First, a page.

22. john robertson says:

    As for catastrophic Anthropogenic global greening, let me give the team a freebie.
    As co2 levels rise in the air, an ancient doom will walk again.
    Oh yeah the trees will rise from their starvation induced slumber and destroy the works of man.
    If we do not act immediately and decimate all plants over 3m tall, the world of man will end in….

  23. mosomoso says:

    In my part of the Australian coastal fringe, regrowth is massive. Marginal pastoral land just goes back to scrub when you can’t afford to maintain it as mere holding pasture. Intensive ag, GM, chemicals, more selective ag, winding down of native timber industries in favour of steel frame and plantation lumber…it all means more green stuff, with or without added CO2. If someone clears a few acres, there are howls. If a lot more acres regrow, nobody comments. One process is sudden and provokes emotions; the other process is gradual and is hardly noticed. (There’s even a chance to conserve more wildlife. Thanks to modern synthetics, we no longer hunt koalas for their pelts, but thanks to our squeamishness about guns and poisons, wild dogs and cats tear all the wildlife to bits, as well as valuable stock.)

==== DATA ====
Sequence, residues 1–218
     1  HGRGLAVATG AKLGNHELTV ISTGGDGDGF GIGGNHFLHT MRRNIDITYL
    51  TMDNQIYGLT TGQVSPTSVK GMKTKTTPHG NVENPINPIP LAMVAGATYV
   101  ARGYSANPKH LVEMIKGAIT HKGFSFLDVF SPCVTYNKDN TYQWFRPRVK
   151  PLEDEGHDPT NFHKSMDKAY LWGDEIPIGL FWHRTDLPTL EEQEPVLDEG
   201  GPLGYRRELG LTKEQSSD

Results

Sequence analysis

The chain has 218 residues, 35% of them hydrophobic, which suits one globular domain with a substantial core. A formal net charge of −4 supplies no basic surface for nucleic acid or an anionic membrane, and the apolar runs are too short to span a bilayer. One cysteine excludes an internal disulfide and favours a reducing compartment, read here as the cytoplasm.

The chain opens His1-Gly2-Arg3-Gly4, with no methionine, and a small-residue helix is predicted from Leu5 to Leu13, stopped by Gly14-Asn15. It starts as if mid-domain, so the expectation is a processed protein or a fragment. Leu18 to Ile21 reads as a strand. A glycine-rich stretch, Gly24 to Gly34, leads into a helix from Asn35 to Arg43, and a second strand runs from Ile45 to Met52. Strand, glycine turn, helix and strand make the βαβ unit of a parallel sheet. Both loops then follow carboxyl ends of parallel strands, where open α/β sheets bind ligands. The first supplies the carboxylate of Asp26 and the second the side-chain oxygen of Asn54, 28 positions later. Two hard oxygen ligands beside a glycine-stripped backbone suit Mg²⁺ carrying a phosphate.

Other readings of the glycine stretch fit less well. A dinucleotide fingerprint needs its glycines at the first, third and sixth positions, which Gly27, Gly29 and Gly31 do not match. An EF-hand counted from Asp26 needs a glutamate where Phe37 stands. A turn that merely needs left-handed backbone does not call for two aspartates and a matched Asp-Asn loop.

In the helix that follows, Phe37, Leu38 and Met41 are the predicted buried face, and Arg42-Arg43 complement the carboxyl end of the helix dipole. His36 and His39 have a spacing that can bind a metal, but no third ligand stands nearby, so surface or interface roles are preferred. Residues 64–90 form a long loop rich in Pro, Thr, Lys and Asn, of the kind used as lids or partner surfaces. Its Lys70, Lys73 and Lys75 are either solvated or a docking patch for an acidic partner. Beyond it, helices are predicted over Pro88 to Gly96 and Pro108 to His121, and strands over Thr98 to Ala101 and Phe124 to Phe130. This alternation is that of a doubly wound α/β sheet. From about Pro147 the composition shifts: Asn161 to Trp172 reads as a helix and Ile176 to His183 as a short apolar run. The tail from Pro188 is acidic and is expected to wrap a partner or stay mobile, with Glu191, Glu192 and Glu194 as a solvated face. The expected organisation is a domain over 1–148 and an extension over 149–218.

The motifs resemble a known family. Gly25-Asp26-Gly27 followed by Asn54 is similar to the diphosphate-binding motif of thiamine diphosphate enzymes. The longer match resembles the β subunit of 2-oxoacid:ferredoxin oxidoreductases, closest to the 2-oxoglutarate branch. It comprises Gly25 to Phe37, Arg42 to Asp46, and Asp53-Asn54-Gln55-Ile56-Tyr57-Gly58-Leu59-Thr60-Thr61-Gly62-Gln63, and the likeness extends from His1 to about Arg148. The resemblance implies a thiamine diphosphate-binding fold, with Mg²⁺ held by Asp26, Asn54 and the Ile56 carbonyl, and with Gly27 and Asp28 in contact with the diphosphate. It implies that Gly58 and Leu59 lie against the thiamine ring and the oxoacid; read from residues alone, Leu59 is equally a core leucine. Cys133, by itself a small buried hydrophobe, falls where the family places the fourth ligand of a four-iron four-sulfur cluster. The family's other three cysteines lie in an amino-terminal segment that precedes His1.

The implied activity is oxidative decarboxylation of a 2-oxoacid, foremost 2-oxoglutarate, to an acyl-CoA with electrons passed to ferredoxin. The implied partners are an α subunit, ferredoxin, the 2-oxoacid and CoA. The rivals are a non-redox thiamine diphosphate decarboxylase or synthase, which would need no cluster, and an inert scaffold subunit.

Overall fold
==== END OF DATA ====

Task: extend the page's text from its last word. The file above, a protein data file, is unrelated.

Of course, when we go back into a warmer, drier cycle, it’s all going to burn – but the CO2 you can’t tax is CO2 that never happened, right? Like all the twigs and dung burnt by billions of the poor…their CO2 doesn’t count till they start getting light and heat from a decent, reliable source. Then the auditors arrive! But it’s never peak-dung or peak-twig.

  24. Jimbo says:

    There have been other similar papers in recent months.

    May 2013
    Abstract
    A Global Assessment of Long-Term Greening and Browning Trends in Pasture Lands Using the GIMMS LAI3g Dataset

    “Our results suggest that degradation of pasture lands is not a globally widespread phenomenon and, consistent with much of the terrestrial biosphere, there have been widespread increases in pasture productivity over the last 30 years.”